The questions to be asked in the upcoming proportional representation referendum in B.C. —Capital News file

The questions to be asked in the upcoming proportional representation referendum in B.C. —Capital News file

Kelowna chamber to host proportional representation debate

Proponent and opponent of changing the provincial election system will argue their sides Oct. 17

The Kelowna Chamber of Commerce will host a debate about the advantages and disadvantages of proportional representation Wednesday .

The event, to be held during a luncheon at the Coast Capri Hotel and will feature Bill Tieleman, a proponent of the “no” side in the upcoming provincial referendum on switching to proportional representation to elect MLAs, and Marina Dobrinskaya, a supporter of the “yes” side.

According to the chamber, Tieleman and Dobrinskaya both represent groups that have received $500,000 each from the B.C. government to help educate the public about the pros and cons of proportional representation leading up to the mail-in referendum.

RELATED: To change, or not to change, that is the proportional representation referendum question

Dobrinskaya is the B.C. director of the Broadbent Institute, an independent national organization that champions change through the promotion of democracy, equality, and sustainability, and the training of a new generation of leaders. She is active in the civic Vision Vancouver party. She has 15 years of political experience, having worked in government, running a governing political party and working in numerous campaigns at the local, provincial and federal levels. She is also a regular media commentator on both municipal and provincial politics.

Tieleman is a well-known B.C. political strategist and campaigner, having played leading roles in past B.C. referendums, including the ones that defeated proposed changes to a B.C single transferable vote electoral system to elect MLAs in 2005 and 2009, and then as strategist for fight to dump the Harmonized Sales Tax in 2011. Tieleman was previously communications director to then-B.C. NDP premier Glen Clark 1996 and to the B.C. Federation of Labour under then-president Ken Georgetti.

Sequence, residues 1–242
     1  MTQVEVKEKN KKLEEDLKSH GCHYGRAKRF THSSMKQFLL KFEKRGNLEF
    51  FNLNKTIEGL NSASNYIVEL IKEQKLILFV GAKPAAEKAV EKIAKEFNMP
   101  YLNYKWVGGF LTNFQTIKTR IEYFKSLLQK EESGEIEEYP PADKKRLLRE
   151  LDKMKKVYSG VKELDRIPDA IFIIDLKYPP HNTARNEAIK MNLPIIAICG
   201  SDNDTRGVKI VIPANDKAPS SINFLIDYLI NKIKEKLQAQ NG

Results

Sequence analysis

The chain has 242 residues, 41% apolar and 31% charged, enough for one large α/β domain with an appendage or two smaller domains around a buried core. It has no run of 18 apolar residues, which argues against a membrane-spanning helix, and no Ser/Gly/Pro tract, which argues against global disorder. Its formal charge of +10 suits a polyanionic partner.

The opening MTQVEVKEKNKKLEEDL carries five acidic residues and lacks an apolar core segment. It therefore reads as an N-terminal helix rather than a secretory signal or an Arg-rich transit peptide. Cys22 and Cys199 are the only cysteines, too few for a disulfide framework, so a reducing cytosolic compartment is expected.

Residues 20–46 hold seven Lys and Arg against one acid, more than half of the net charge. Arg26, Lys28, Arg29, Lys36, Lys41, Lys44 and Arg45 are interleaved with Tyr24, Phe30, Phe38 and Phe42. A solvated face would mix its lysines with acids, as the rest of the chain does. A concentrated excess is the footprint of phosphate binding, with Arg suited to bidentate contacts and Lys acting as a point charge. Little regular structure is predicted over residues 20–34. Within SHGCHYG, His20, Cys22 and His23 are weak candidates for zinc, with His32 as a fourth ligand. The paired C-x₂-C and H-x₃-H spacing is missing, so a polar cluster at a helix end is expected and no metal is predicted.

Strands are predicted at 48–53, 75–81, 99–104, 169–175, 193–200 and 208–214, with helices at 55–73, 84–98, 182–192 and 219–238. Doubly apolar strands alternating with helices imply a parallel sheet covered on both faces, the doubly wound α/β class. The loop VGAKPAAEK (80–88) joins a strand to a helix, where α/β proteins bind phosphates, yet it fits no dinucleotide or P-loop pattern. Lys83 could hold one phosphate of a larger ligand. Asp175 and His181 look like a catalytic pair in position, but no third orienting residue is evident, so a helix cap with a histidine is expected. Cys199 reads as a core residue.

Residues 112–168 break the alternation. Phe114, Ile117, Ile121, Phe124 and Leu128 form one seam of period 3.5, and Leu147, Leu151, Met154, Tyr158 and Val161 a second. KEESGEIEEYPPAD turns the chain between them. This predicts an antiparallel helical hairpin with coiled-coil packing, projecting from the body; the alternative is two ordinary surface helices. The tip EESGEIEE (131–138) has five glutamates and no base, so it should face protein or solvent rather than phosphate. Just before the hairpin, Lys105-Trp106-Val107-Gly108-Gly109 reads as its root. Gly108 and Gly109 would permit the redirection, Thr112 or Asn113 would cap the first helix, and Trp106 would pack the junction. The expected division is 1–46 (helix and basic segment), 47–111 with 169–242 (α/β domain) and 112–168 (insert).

The Kelowna chamber luncheon is scheduled for noon on Oct. 17.

RELATED: B.C.’s proportional representation referendum: The case for switching to PR

The chamber says B.C.’s electoral system has a direct correlation to how the provincial legislature operates, the approval of major investment projects and the management of our economy, so it’s important the public understand both side of the referendum argument.

“It’s extremely important that British Columbians and business owners and operators understand proportional representation and why you need to vote in the upcoming referendum,” says the chamber.

The referendum will feature a mail-in ballot. The province will start mailing out ballots to all British Columbians starting Oct. 22. and voters must return them by Nov. 30.

The referendum will consist of two questions, the first asking voters if they want to see a change from the current, “first-past-the-post” system of electing MLAs in each provincial riding. If so, a second question will give voters the choice of three forms of proportional representation—dual-member proportional, mixed-member proportional and rural-urban proportional—and voters will be asked to rank them.

RELATED: B.C.’s proportional representation referendum: The case against switching to PR

Dual-member proportional would produce two representatives in each riding. The first seat would be awarded to the candidate who receives the most votes—similar to first-past-the-post. The second seat would be awarded to one of the remaining candidates so proportionality is achieved across the entire province using a calculation to award parties their seats in ridings where they had their strongest performances.

Mixed-member proportional would see voters get two votes—one to decide the MLA for the single-seat riding, and one for a political party. Seats in the B.C. Legislature would then be filled first by the elected candidates from the ridings and then by the party candidates based on the percentage of votes each party received in the overall provincial election.

Rural–urban proportional is a hybrid system that would use mixed-member proportional representation in rural areas and a single transferable vote in urban and semi-urban areas.

If the province moves to proportional representation, a second referendum will be held following the second provincial vote using the new system to see if British Columbians want to continue using it.

To report a typo, email:
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